Folashade: The challenges I face with my work are two faced; there are those of the community and those of the program. In the community the biggest challenge is suspicion and misconception about our program objectives; in terms of advocacy, we have not been able to engage in advocacy involving major stakeholders, as we have focused more on interventions.
C4C: What’s your vision for the future of health care in Nigeria?
Habiba: My vision for the future of Nigeria’s health system is to wake up to a system where medical practitioners are accommodating, hospitals are equipped with drugs and facilities, ordinary humans get information about health, and clinics and hospitals are accessible to everyone.
Folashade: My vision for the future of Nigeria’s health system is to contribute to the transformation of the reproductive health landscape of Northern Nigeria such that every pregnancy is desired, and that pregnancy and child bearing no longer pose threats to the lives of women and their children.
C4C: Advocating for women’s rights can be a difficult job; what’s one of your most positive memories from your work?
Habiba: The success I am most proud of is seeing our girls completing secondary education and continuing with trainings to become mentors in their own community. It is so fulfilling.
Folashade: One of my favorite memories comes from my involvement in research work aimed at increasing access to life-saving interventions for prevention of Post-Partum Hemorrhage (PPH). We generated evidence on the suitability of Misoprostol to prevent PPH and the ability of local infrastructure to handle this drug at the community level. The effectiveness of our model was very laudable and led to a change in stakeholder perception after seeing their women empowered, involved in their health care and choosing health-promoting behaviors. There was also a remarkably drastic reduction in maternal mortality.
C4C: Please complete this statement: I am a Champion for Change because…
Habiba: …I am helping adolescent girls to be healthy role models in their communities through education.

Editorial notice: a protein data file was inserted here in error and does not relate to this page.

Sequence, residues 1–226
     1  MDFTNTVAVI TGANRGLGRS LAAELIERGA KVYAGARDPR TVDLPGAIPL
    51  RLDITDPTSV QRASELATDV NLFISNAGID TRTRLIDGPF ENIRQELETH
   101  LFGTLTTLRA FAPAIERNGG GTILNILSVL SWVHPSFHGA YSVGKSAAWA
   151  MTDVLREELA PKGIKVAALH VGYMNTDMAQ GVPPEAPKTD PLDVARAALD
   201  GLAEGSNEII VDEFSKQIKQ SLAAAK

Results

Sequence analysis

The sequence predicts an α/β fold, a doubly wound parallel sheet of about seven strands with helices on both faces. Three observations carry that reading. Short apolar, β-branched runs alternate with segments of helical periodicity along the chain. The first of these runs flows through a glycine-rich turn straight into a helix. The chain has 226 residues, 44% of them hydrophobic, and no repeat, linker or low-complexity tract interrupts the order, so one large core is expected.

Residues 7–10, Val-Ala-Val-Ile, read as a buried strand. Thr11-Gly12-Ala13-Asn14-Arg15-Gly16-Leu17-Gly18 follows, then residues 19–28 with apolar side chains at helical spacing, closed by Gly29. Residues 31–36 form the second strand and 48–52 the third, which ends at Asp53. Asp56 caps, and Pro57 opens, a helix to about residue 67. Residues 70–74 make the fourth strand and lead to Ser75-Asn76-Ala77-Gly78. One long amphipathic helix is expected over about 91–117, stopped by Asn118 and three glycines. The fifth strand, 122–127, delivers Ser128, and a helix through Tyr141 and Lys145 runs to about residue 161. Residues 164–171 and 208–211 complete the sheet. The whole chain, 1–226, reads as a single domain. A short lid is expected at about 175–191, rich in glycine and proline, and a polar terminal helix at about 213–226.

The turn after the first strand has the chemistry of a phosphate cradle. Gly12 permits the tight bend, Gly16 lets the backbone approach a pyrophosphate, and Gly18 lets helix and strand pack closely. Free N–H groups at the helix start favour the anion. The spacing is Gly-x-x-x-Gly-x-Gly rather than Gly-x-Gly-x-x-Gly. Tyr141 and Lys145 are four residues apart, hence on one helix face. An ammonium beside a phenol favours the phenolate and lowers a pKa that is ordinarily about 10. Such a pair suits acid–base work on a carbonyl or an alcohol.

Folashade: …I believe that when women thrive, the world thrives.
C4C: What is your favorite thing to do when you want to relax?
Habiba: I enjoy socializing so I will invite friends and relatives to my home or go visit them.
Folashade: I like to sing, chat and travel to new places.
We invite you to follow us on Twitter at @C4C_Champions and use the hashtag #MeetTheChampions to engage more closely with the blog series, the work of the 24 leaders whose work is being highlighted, and the larger conversation surrounding reproductive, maternal, newborn and child health in Nigeria.
Champions for Change saves the lives of women and children in Nigeria by empowering local leaders and organizations to improve reproductive, maternal, newborn and child health through advocacy, education, storytelling and strategic partnerships. Champions for Change leverages a program model developed by its sister initiative, Let Girls Lead, which has contributed to improved health, education and livelihoods for more than 7 million girls globally since 2009. This powerful model drives change through the passage of national laws, implementation of programs and distribution of funds to ensure access to quality health care, education and economic opportunity.
Champions for Change and Let Girls Lead are headquartered at the Public Health Institute in Oakland, CA, a leader in global health and development for 50 years.